Landulf II (died 961), called the Red, was the Lombard prince of Benevento and prince of Capua (as Landulf IV) from 939 or 940, when his father, Landulf I, first associated him with the government. His mother was Gemma, daughter of Athanasius of Naples. He may have been associated as early as 933, when his elder brother, Atenulf III, was made co-regent. His uncle Atenulf II died in 940 and it is likely that Landulf served as a replacement. Landulf married Yvantia on an unknown date.
Whatever the case, when the elder Landulf died on 10 April 943, Landulf removed his elder brother Atenulf to Benevento and his uncle Atenulf's son Landulf to Capua. Fearing for their lives, the two fled to Guaimar II of Salerno and Landulf the Red became sole prince. His first act was to continue the family policy of associating younger sons as co-princes in the government. He made his eldest son Pandulf co-prince. Other than that, Landulf made few attempts to continue the family policy of alliance with his fellow Lombards and détente with the Byzantines. He distanced himself from Constantinople, while trying not to enter into open warfare, and made several tries at reuniting the Lombard principality of Salerno with the united Capua-Benevento. He abandoned imperial dating and dated from his own reign.
In 946, he allied with John III of Naples to oust Gisulf I of Salerno, son of Guaimar. He was ambushed in a pass at La Cava by Mastalo I of Amalfi and the ousting failed. He soon broke his alliance with Naples and allied with Gisulf to besiege Neapolitan Nola. In 950, he was called to the aid of Aligerno, abbot of Monte Cassino. His descendants would prove to be the worst persecutors of that great monastery. He followed up his Salernitan and Neapolitan failures with successful campaigns against the gastald of Aquino, Atenulf Megalu, whom he exiled to the Docibilis II of Gaeta.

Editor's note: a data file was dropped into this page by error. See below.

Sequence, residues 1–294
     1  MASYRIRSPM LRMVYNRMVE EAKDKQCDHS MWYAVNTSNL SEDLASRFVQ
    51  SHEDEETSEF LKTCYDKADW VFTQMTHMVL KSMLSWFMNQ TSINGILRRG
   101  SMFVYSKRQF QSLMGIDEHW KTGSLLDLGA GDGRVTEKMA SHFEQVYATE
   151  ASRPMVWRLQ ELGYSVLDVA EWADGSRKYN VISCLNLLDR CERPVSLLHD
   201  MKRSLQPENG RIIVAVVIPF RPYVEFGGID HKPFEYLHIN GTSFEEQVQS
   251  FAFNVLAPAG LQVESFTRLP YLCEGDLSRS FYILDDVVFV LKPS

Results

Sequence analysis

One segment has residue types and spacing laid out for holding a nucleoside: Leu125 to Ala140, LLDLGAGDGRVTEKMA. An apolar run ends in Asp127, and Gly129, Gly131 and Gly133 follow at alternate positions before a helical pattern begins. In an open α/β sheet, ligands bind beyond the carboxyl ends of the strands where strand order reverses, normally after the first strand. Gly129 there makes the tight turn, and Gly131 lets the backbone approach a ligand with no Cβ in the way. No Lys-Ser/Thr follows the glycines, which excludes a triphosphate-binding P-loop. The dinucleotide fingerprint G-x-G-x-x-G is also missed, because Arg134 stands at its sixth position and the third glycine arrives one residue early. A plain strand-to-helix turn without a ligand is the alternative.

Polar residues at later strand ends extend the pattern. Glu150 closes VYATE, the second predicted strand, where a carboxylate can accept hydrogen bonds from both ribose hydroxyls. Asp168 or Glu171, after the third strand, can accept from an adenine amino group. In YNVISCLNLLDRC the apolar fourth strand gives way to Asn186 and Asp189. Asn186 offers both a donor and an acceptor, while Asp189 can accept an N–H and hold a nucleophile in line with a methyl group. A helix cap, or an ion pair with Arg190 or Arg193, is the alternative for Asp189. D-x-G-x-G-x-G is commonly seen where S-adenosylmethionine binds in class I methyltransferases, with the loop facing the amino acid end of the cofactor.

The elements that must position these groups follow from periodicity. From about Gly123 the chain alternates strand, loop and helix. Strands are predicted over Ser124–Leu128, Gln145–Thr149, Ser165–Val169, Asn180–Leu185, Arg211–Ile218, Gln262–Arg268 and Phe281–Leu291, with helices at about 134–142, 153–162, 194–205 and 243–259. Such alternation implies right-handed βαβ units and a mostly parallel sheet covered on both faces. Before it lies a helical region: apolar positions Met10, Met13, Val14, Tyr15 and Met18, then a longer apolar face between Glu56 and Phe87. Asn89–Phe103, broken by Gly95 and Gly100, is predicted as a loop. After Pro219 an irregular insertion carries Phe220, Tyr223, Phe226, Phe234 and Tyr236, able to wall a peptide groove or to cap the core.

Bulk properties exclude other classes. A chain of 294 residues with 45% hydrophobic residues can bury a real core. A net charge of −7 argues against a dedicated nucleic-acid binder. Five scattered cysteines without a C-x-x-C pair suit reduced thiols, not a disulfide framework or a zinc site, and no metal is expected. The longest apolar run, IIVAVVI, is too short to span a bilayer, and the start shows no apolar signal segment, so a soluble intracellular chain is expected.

In 955, Landulf made his biggest failure in supporting an Apulian revolt against Greek authority. He was forced to recognise Byzantine supremacy. The rest of his reign is less eventful, he failed in his two great ambitions: conquering Salerno and opposing the Byzantines. He associated his second son, Landulf, with him in 959 and died in 961.
- Caravale, Mario (ed). Dizionario Biografico degli Italiani: LXIII Labroca – Laterza. Rome, 2004.
Landulf I and Atenulf I
| Prince of Benevento and Capua
Co-ruler with Landulf I and Atenulf III in 940–943
Pandulf I and Landulf III